10 major causes of failure in leadership: #6: SELFISHNESS:

“Leaders who claim all the honor for the work of their followers are sure to be met by resentment. Really great leaders claim none of the honors. They are content to see the honors go to their followers because they know that most people will work harder for commendation and recognition than they will for money alone.” (by Napoleon Hill in “Think and Grow Rich”)

When Nicola Tesla left his position with Thomas Edison in 1885, his discoveries and insights on the nature of electricity were so cutting edge that he quickly found a position with Westinghouse Electric, related to the construction of the first mainstream electrical power plant in Niagra, NY. Please put aside, for the moment, that J.P. Morgan eventually absorbed Westinghouse and took over the power plant project. The point is that Tesla was a visionary with ideas that changed the world and provided safe electrical power to an entire planet and that he was not given appropriate recognition by his original employer, Thomas Edison.

Who knows what would have transpired if Edison empowered Tesla instead of taking credit for his discoveries and insights … humankind could be 50-years further along in technology … who knows?

A great leader does not covet the accolades due his followers. A Princely leader spreads the wealth of recognition and acknowledgement like fertilizer. Those who follow us (and whom we serve), will perform acts of great and unprecedented growth and productivity, if we just allow them to share in the sunlight.

10 Major causes of failure in leadership:

#5: LACK OF IMAGINATION: Without imagination, leaders are incapable of meeting emergencies, and of creating plans by which to guide followers efficiently. (by Napoleon Hill in “Think and Grow Rich”)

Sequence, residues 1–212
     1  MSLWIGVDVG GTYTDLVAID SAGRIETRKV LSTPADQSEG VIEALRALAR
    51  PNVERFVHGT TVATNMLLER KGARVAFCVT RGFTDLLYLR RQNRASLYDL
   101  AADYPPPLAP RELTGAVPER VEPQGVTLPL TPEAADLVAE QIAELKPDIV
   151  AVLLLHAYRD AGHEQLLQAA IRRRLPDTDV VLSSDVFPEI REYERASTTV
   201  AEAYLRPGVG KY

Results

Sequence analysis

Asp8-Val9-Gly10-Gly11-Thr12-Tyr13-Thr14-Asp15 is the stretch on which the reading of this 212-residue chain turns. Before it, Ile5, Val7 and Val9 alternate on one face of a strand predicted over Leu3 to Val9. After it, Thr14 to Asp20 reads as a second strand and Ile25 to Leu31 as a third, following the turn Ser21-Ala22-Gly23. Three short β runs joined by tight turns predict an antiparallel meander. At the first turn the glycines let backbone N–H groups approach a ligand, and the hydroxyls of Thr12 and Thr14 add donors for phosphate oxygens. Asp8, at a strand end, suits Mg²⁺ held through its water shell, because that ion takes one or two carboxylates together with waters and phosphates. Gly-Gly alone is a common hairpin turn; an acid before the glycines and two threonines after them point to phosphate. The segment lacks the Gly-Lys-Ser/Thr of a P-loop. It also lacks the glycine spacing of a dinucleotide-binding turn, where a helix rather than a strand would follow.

Imagination is the spark which ignites endeavors that change the world. Imagination coupled with courage generates boldness. Bold enterprise questions the establishment and plots a course to new and unexplored solutions to problems, be it in business or social revolution. Think of the American founding fathers. To create a Continental Congress at the risk of their own lives for the purpose of exploring the wisdom and righteousness of throwing off British rule, and then to follow up this bold act by creating documents which would map out plans for future generations of followers. To execute on this revolutionary plan was an act of immense imagination and collaboration. We often focus on the fight after the birthing of the imaginative solution, but it was the imaginative drafting and courageous signing of the Declaration of Independence and thereafter the Bill of Rights which established the plan around which all other decisions would revolve for many generations. It was this imagination which made possible the fertile environment of the free enterprise and free market economic systems that makes America possibly the best place on the planet to generate yet more entrepreneurial ideas and launch them. Imagination is an act of courage.

Imagination creates great leaders by inspiring faith in followers. That is why Alexander the Great once said: “I am not afraid of an army of lions led by a sheep, I am afraid of an army of sheep led by a lion.”

Imagination empowers the Princely leader to make bold moves, which enable tremendous forward movement towards goals

10 Major causes of failure in leadership: